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Candy Canes and Gingerbread Men

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Candy Canes and Gingerbread Men

December 3, 2017

‘Tis the season once again.

I love Christmas and I always have. Honestly there is just so much to love:

Christmas carols playing 24/7
Snuggling with my puppy Noëlle (yes, her name means Christmas in French)
Home-baked goodies anonymously appearing in our teacher staff room
Endearing Christmas concerts performed by all our young students
New Hallmark Christmas movies
Attending the Nutcracker Ballet with my daughters
Gift exchanges that express our love for family and friends

Christmas has always been a magical time for me. Our family never celebrated the religious aspects of the holiday. But my parents, especially my mother, always made it special for us. I have fond childhood memories that are filled with sparkling lights, sweet surprises and sacred family traditions.

Another reason why I love this season? I first studied the bible at Christmastime. When a friend from work offered to study with me, I jumped at the chance. Even though it pretty much emptied my checkbook, I bought my first bible. I had a childlike, giddy excitement as we uncovered the in-between part of the story of Christ. You know, that part of Jesus’ story that comes between the cradle and the cross.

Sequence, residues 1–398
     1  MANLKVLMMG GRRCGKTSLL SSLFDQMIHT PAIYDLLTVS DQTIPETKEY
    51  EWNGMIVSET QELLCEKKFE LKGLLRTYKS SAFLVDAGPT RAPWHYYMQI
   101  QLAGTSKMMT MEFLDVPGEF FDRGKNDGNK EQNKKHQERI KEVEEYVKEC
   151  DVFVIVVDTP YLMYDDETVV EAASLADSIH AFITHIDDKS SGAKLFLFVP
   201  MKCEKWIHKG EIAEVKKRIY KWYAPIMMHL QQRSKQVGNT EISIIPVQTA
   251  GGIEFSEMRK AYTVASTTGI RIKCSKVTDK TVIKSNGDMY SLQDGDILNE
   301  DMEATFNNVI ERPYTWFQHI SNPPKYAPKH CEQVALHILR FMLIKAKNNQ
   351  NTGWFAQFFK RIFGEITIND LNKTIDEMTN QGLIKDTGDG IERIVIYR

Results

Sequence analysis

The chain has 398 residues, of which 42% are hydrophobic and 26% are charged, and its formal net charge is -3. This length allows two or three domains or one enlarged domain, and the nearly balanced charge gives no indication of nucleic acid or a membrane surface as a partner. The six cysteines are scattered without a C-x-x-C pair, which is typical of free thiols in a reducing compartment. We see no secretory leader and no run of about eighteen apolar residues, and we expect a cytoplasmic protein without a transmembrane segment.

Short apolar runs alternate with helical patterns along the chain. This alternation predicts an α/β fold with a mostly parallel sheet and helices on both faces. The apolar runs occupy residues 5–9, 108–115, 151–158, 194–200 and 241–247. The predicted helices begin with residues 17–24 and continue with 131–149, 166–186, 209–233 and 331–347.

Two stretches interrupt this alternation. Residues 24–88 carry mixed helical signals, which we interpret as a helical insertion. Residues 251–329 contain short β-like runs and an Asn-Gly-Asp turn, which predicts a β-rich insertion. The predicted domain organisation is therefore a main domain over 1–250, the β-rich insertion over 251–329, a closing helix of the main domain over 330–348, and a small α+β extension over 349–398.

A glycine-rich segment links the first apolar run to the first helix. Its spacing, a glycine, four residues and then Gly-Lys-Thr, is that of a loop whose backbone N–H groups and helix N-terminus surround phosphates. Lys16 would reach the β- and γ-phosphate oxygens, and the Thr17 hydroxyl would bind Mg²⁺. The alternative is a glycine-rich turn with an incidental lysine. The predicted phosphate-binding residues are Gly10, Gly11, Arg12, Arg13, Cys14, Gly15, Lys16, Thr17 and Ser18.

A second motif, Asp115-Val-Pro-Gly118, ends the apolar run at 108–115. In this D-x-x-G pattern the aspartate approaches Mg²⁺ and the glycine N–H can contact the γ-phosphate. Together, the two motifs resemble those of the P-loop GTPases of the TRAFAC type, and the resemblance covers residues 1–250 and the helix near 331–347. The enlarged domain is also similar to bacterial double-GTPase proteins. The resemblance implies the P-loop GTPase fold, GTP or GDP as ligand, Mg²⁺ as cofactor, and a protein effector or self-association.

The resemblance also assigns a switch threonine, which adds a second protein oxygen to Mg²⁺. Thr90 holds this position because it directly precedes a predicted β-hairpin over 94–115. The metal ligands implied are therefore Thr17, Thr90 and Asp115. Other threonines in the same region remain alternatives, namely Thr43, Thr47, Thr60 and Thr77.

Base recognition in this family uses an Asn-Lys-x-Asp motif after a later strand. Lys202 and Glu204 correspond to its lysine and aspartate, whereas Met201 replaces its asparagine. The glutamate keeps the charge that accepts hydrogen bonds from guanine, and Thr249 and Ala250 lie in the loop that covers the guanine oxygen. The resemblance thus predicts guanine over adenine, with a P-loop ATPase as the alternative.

You see, as a nonbeliever growing up in America, I only had two visuals of Jesus. He was a baby in a cradle at Christmas and a man on a cross at Easter. Learning His full story was the best Christmas gift I have ever received. Since that time, I have enjoyed celebrating all aspects of the holiday.

While teaching kindergarten at a private Christian school, I discovered this treasure: The Legend of the Candy Cane by Lori Walburg and illustrated by James Bernardin.

This book quickly became one of my holiday favorites. With childlike wonder, I marveled at what I discovered. The shape of the candy cane resembles the shepherd’s staff. Turn it upside down, and the candy cane looks like the letter J, for Jesus. The candy cane’s red stripes represent the blood Jesus shed so we could be healed.

Now, whenever I see a candy cane, I can’t help but think of Jesus. In fact, decorating my nails with candy canes became a new holiday tradition. Each time I look down at my hands, I have a festive reminder of the love of Christ.

All of the gingerbread stories were also extremely popular with my students. Who can help but love the story of this mischievous cookie? As part of our celebration, we made gingerbread cookies to decorate. Mysteriously, they disappeared while my students were at recess. Immediately, my students scampered off, searching for their cunning little cookies. Other teachers and the office staff would join in the fun by crying out, “I saw them go that way!” In the end, the cookies were found, decorated and joyfully eaten.

At the end of our celebration, I always gave my gift to each student. It was a rhyming tale that I wrote for them about the escape of the gingerbread men. Each student was a character in the story. Because I used stencils for the illustrations, it also became a coloring book for them to enjoy over the break. In all honesty, I think I had even more fun than my students!